WASHINGTON // There is a new enemy in the United States: oil. Actually, it is an old enemy, from the 1970s, when the Arab oil embargo forced a spike in US petrol prices and the president, Jimmy Carter, unhelpfully urged citizens to turn down their thermostats and don sweaters. But as US residents have watched the price of petrol reach US$4 a gallon (Dh3.99 per litre), the national conversation about the dangers of the country's oil dependence - and what to do about it - has reached a fever pitch.
Both political parties have moved to seize the issue as their own, playing up the economic, environmental and national security implications of being, in the now famous words uttered two years ago by George W Bush, "addicted to oil". John McCain, the presumptive Republican nominee to succeed Mr Bush as president, has outlined a broad energy plan that, among other things, aims to free the United States from its dependence on foreign sources of oil by 2025.
"America's dependence on foreign oil was a troubling situation 35 years ago. It was an alarming situation 20 years ago. It is a dangerous situation today," Mr McCain said in June in announcing the plan, called the Lexington Project after the New England town where the first shots of the War of Independence were fired. Barack Obama, his likely Democratic challenger, pledged something similar last week, saying the "single overarching goal" of his presidency would be to end the country's reliance on oil from the Middle East and Venezuela within a decade.
The addiction to foreign oil, he said, is "one of the most dangerous and urgent threats this nation has ever faced". The United States has long been talking about, if not doing anything to change, its addiction. In 1973, at the height of the energy crisis, Richard Nixon, then president, announced a plan that could easily roll off the lips of either of today's White House hopefuls: Project Independence. Its goal was national energy self-sufficiency - by 1980 (Time magazine dubbed the plan "impossibly visionary" at the time).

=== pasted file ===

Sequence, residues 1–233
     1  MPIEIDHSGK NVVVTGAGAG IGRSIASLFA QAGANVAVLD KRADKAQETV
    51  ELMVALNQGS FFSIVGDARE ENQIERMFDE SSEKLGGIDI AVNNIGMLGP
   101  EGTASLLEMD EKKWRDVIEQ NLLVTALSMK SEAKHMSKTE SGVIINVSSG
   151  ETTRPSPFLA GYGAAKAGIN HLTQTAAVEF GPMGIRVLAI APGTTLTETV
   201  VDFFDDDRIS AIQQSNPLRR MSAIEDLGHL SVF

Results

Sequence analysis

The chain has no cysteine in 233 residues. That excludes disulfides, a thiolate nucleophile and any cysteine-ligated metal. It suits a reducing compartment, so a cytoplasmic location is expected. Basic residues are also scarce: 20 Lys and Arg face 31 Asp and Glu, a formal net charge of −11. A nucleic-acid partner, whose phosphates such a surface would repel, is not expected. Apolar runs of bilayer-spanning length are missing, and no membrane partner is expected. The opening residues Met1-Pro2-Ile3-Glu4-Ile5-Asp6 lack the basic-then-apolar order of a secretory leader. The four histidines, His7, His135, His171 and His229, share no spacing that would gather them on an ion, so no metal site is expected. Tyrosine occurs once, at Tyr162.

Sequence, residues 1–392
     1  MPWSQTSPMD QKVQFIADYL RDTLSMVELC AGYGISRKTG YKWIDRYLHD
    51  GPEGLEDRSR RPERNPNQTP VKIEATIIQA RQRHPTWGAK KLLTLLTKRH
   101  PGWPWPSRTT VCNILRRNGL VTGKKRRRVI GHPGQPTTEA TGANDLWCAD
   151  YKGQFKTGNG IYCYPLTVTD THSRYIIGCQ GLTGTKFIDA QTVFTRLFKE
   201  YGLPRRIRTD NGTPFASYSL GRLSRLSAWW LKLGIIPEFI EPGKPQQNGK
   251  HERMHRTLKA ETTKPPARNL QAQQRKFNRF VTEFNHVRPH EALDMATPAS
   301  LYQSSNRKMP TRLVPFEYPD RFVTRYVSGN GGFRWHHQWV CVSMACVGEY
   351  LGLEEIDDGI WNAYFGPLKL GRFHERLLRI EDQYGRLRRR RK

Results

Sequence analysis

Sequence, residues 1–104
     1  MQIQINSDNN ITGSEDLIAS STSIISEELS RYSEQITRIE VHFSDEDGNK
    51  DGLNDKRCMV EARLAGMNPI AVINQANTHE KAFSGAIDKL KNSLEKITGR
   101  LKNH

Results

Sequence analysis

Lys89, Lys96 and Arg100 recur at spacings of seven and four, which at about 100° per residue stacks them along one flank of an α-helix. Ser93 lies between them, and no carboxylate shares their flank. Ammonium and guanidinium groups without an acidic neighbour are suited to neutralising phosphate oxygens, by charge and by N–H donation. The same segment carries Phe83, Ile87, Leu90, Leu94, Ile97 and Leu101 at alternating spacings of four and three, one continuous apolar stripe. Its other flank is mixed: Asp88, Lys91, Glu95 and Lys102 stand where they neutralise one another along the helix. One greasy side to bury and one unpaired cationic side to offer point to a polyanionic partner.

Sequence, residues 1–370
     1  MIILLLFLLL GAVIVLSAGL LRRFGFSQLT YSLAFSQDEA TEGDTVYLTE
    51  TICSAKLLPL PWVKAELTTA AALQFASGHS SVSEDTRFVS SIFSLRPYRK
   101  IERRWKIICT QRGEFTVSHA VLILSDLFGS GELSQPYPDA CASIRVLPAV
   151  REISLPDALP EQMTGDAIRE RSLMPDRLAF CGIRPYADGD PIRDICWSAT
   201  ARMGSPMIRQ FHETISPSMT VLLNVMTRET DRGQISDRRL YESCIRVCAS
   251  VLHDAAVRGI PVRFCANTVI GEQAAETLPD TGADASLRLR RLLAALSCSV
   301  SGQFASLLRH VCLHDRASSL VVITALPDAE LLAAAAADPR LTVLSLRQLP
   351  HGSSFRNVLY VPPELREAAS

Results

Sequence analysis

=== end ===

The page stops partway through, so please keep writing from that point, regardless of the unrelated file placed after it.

Since then, the national appetite for oil has only grown, with the United States purchasing more and more of the commodity from beyond its borders. The country now imports nearly 70 per cent of its oil, up from about one-quarter in 1970. The United States accounts for four per cent of the globe's population, yet consumes 25 per cent of the world's oil production. As in the 1970s, it took higher prices at the petrol pumps to spur action - or at least the call for it.
"There's nothing like getting hit in your pocketbook to wake up," said Peter Forman, founder of MoveBeyondOil.org, a non-profit organisation in New York whose aim is to end US dependence on oil, both foreign and domestic. "I would say it's a mixed blessing," Mr Forman said of the high price of petrol. "While it's incredibly damaging to the economy and to individuals' budgets, at least from a long-term perspective, it is focusing people on the issue."
And people of all political stripes: Al Gore, the Democratic former vice president who won the Nobel Prize for his work on climate change, recently challenged the United States to switch to 100 per cent clean, renewable energy sources within 10 years. T Boone Pickens, a Texas businessman who became a billionaire in the oil and gas industry, announced a sweeping energy plan of his own centring around the benefits of wind energy. "I've been an oil man all my life," he said, "but this is one issue we can't drill our way out of."
Mr McCain and Mr Obama are likewise talking about many of the same issues: a system of cap-and-trade on greenhouse gas emissions; development of clean coal technologies; tax credits for green vehicles and flex-fuel technologies, which allow cars to run on multi-fuel engines. They may bicker on specifics, but they agree on the fundamental problem. "We already have the basics of consensus," said Keith Schneider of the San Francisco-based Apollo Alliance, a coalition of business, environmental, labour and social justice groups whose slogan is "Clean Energy. Good Jobs. Freedom from Foreign Oil".
"There are very few national conversations we have in the country in which we really pay attention," Mr Schneider said. "It reflects this sense of drift and unease and enfeeblement that Americans have about not just their country, but about their own family's well-being." Still, this is Washington. And while the issue's effect transcends partisan politics, it certainly is not devoid of them. Republicans on Capitol Hill have been protesting, with theatrical flourish, Congress's adjournment for summer break without a vote on offshore drilling (which they tout as a fix for expensive gas, even though nearly everyone agrees it will have no short-term effect on prices).
They gave speeches from the darkened House of Representatives chamber, with no live microphones or TV feeds, and called on the House speaker, Nancy Pelosi, to call members back for an emergency session. "Drill, drill, drill," they chanted. In the middle of it all, Mr Obama, who had opposed offshore drilling but seemed to be losing ground to his Republican challenge with that stance, changed his mind and decided to support some drilling after all - as long, he said, as it were part of a long-term energy strategy to one day get away from oil.